Proposition L is a policy advisory measure that attempts to change San Francisco transportation policy by putting more cars on the road and building more parking garages in our neighborhoods. It would make your trips worse whether you drive, walk, take transit, or ride a bike because it would put more cars on our already crowded streets, take money away from public transportation and safety projects, and build more parking garages for out of town visitors, rather than focusing on helping San Francisco residents. It was put on the ballot by the Republican Party without taking into account what would work in San Francisco and would greatly increase congestion by cutting Muni service and clogging our streets with far more cars.[3]

No on L campaign[11]

The San Francisco League of Conservation Voters website featured a video that argued the following:[12]

Proposition L is a step backward, a return to outdated policies that created the congestion on San Francisco's streets to begin with.

In fact, regardless of what form of transportation you take every day, Prop L will start to make your life worse.

If you drive, Prop L will make your life worse by encouraging many, many, more drivers on our already crowded streets.

Remember that as a driver, every person who takes transit or walks or bikes is a person not taking your parking spot or clogging the lane ahead of you.

For drivers, Prop L means gridlock.

If you take Muni, Prop L will make your life worse in 2 different ways. First, by diverting desperately needed transportation funds to building garages, Prop L will make Muni service much worse. Secondly Prop L will make Muni buses run even slower, by clogging our streets with more cars. For Muni riders, Proposition L means fewer and slower busses.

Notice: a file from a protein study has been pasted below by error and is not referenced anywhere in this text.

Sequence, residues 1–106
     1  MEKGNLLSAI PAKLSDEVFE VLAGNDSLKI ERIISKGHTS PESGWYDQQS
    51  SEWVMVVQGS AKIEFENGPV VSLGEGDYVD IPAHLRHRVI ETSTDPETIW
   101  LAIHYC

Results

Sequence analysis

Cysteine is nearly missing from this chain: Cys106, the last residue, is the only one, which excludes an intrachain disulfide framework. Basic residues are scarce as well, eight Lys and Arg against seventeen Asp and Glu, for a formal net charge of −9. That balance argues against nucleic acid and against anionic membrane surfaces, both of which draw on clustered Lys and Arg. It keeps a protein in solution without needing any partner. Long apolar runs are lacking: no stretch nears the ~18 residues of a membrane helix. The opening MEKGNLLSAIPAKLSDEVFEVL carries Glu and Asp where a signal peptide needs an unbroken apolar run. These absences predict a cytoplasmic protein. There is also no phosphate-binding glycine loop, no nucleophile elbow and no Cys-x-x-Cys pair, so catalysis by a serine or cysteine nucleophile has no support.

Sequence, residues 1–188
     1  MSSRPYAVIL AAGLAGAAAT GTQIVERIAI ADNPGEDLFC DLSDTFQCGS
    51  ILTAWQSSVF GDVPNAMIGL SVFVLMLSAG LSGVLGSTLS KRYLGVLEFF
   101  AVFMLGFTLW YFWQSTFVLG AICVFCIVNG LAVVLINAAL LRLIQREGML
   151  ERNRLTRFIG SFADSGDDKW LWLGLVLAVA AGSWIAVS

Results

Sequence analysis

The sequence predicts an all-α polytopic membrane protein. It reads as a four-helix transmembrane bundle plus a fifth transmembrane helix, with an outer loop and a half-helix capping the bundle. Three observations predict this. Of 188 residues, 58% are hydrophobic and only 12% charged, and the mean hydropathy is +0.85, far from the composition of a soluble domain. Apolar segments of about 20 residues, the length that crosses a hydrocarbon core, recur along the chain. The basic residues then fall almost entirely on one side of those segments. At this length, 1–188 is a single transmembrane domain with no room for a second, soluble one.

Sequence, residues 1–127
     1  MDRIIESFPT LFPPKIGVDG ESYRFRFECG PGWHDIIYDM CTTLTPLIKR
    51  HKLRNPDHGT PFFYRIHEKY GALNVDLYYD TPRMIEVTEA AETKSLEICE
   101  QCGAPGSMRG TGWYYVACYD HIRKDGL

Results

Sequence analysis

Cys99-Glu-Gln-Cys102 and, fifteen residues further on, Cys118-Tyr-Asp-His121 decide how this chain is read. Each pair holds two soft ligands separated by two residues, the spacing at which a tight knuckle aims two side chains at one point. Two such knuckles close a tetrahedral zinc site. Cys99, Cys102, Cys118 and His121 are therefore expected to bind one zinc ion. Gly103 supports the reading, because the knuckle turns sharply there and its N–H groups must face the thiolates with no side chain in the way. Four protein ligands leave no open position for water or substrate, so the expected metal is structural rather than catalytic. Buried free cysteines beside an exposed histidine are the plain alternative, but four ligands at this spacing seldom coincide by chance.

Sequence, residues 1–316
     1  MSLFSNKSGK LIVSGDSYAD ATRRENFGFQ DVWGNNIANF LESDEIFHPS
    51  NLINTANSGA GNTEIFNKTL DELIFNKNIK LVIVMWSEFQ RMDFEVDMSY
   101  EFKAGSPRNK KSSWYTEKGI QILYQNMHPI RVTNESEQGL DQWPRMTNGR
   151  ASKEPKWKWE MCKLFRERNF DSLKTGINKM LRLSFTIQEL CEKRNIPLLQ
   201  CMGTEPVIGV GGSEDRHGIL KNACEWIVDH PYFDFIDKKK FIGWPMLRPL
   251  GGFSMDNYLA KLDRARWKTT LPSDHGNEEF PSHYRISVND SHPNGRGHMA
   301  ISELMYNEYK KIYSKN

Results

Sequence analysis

And, finally if you walk (as we all do at some point) or bike, Prop L makes your life worse by making our streets more dangerous. By prioritizing traffic flow above pedestrian safety, Prop L will lead to more dangerous accidents in San Francisco. For pedestrians & bicyclists, Prop L means more danger.

In the end, Proposition L simply does not reflect our values as San Franciscans. We care about creating less pollution and fighting climate change, not making our environment worse. We care about making transit better for everyone, not making it slower. We care about making our streets safer, not more dangerous.

We urge you to vote No on Proposition L on November 4th. Thank you for your time. [3]

—San Francisco League of Conservation Voters[11]

Reports and analyses

Ballot simplification

The Ballot Simplification Committee provided the following statement explaining Proposition L:[13]

THE WAY IT IS NOW:

The San Francisco Municipal Transportation Agency (SFMTA) operates Muni, the City’s public transit system. The SFMTA also manages most of the City’s parking meters and City-owned parking lots and garages. It also has the authority to install additional parking meters and build more parking facilities.

The SFMTA sets the hours, days, and rates for parking meters and parking garages under its jurisdiction. It also determines the fines for violations of parking restrictions. Most on-street parking meters operate only Monday through Saturday from 9:00 a.m. to 6:00 p.m., and do not operate on Sundays, Thanksgiving, Christmas, and New Year’s Day.